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TimDarrah

Re-sizing images & decals ?

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I have an image that was drawning 1/48th hat I need to resize down to 1/72nd.

 

Anyone know the ratio or percentage, or whatever you want to call it, in order do this?

 

Thanks,

 

Tim

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1/72 divided by 1/48 equals .6667 or did when I was in grade school!

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See Rule 2:

1. Computing scale

Scale of model or drawing = prototype dimension ÷ model or drawing dimension

Example: A prototype has a wingspan of 40 feet, or 480 inches. A model of the prototype has a wingspan of 10 inches. What is the scale of the model? Dividing 480 by 10 we get 48. The scale of the model is 1/48.

2. Converting from one scale to another

Percentage of reduction or enlargement = denominator of scale you have ÷ denominator of scale you want (Interesting Fact: a scale is a fraction. The bottom number is the denominator).

Example 1: You have a 1/72 scale drawing but want to convert it to 1/48. How much should you enlarge or reduce it? Dividing 72 by 48 we get 1.5. We must enlarge our 1/72 drawing 1.5 times, or 150%.

Example 2: You have a 1/32 drawing but want to convert it to 1/48. Dividing 32 by 48 we get 0.66666… . We must reduce our drawing to 0.6666… (2/3) of its original size, or 66.67%

Save the above, print it, post it on your workbench. Learn it. Pretty soon you will be able to do this basic math in your head.

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thanks guys

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Michael is correct. That information and much more can also be found in my ebook on scale jumping. It can be found here.

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The math is totally correct. And I do one more thing before I print a decal.

I print the image on a sheet of plain bond paper.

Then I hold the printed image near the model.

This checks my math and my printer to be sure the size is what I want.

And also, images downloaded from web sites may not be the same size as the original.

 

When I get the size right, I tape a piece of decal paper over the image and run it through the printer again.

This way I don't use a whole lot of extra decal paper.

 

Jim Pearsall

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It also really helps to have software that gives you precise control over the exact placement of text and graphics in custom decals that you make. I was using photo editor programs, but the printer output from those was always a little jagged and muddy if you looked at it closely. Using a CAD program fixed all of that. I'm using Draftsight to design my custom decals. You can download that for free from the Dassault Systemes website at https://www.3ds.com/products-services/draftsight-cad-software/free-download/. That also allows you to print your drawings in different scales, so you can easily scale up or scale down anything you design. If you're doing any modern USAF aircraft, don't forget to download your Amarillo USAF font for tail codes and serial numbers. I recently made custom decals for the tail of a 1/32 scale F-16 to make it a CAS viper from the 1980s...I used decals I had for a 1/48th F-16 CAS viper. Made a trial run on clear acetate.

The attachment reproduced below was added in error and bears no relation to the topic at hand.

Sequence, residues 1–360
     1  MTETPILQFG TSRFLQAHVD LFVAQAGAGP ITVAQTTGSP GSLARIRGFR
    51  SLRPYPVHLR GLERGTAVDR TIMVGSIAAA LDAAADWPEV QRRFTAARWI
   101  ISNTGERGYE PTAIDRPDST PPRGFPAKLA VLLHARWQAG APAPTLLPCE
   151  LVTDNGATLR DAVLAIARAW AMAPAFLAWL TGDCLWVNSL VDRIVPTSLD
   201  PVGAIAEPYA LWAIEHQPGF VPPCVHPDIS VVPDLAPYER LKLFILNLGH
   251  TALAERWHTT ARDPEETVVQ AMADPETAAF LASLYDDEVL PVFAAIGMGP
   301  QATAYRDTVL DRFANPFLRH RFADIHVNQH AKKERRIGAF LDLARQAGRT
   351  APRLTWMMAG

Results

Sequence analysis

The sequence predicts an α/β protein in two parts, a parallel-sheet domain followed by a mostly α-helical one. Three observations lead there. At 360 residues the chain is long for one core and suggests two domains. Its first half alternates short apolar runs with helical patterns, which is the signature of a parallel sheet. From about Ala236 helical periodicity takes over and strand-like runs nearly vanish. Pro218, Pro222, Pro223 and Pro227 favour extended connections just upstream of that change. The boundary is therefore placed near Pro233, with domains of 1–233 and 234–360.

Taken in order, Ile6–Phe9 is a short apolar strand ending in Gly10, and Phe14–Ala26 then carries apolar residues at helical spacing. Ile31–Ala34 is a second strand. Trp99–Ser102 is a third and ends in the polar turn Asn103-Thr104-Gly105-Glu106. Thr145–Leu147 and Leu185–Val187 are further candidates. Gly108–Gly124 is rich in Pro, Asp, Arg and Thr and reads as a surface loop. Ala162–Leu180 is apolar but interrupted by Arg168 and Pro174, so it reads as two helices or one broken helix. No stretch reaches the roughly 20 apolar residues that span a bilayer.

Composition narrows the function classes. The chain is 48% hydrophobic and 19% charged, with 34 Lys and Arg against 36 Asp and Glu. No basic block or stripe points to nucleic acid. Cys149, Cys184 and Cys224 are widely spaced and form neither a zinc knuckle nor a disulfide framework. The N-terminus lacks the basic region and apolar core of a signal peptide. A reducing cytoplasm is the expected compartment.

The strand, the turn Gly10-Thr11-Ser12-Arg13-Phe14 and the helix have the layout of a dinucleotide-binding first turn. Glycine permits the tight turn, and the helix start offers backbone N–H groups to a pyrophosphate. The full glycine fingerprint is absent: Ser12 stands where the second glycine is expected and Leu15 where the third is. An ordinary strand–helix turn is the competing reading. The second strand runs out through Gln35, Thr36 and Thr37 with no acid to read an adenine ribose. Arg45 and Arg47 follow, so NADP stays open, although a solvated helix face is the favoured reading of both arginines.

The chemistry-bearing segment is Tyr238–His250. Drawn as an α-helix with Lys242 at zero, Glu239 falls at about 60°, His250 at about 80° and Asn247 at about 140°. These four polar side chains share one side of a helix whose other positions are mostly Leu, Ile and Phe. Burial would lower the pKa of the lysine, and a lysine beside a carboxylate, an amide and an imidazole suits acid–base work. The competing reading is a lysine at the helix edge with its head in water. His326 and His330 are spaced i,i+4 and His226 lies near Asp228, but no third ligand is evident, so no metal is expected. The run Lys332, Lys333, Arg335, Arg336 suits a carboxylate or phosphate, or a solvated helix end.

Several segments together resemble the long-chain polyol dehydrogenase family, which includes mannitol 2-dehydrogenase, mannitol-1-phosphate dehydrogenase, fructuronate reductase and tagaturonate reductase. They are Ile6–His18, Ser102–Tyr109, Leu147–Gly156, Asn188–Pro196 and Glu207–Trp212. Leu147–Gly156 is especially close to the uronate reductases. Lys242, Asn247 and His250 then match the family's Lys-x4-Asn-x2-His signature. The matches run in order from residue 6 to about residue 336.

Here is a thumbnail to the pic of the test fit with the acetate.

 

Ptvutf.jpg

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It also really helps to have software that gives you precise control over the exact placement of text and graphics in custom decals that you make. I was using photo editor programs, but the printer output from those was always a little jagged and muddy if you looked at it closely. Using a CAD program fixed all of that.

 

Adobe Illustrator also gives precise control. it's a vector program like CAD software. There's also a CAD plug-in for it.

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I am so jealous of those of you who are so facile with the graphic technology. In the time it would take me to learn it, I could build a 1/2 year's worth of projects or more! What his hobby needs is a service that will make INDIVIDUAL (not 1000 ) custom decals at a reasonable price. Even a service to simply copy old decals sheets would be most welcome. If someone is already doing this, I would be very happy to know about it.

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Nick,

 

For your information, I authored an ebook that explains how to make your own decals. It includes an explanation of several different papers, coatings, printer techniques, etc. It also shows how to simply copy old decal sheets and eliminate the yellow cast from aged sheets. You can find full information and an ordering button by going to http://scalepublications.freeyellow.com

 

Hope this helps.

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I've even used the good ol' open source, OpenOffice DRAW program to create decal artwork. Mastering the graphics part of the process is the hardest piece but it isn't that bad, just takes a bit of practice. One recent project was to create accurate decals for the old MPC Star Wars A-Wing model. I shared the graphics file on our chapter website:

http://hamptonroadsscalemodelers.com/star-wars-a-wing-decals-of-the-studio-model/

 

Because DRAW creates vector graphics, scaling up or down has no impact on the appearance of the artwork (though the printer's capabilities will!) Only problem with DRAW for my purposes is the output isn't portable into other graphics programs, at least not directly. The best I can do is a PDF... but since OpenOffice is available for anyone to download, I can share my work natively which gives the best result for other hobbyists.

 

I need to check out your sites Richard!

Cheers! Robert

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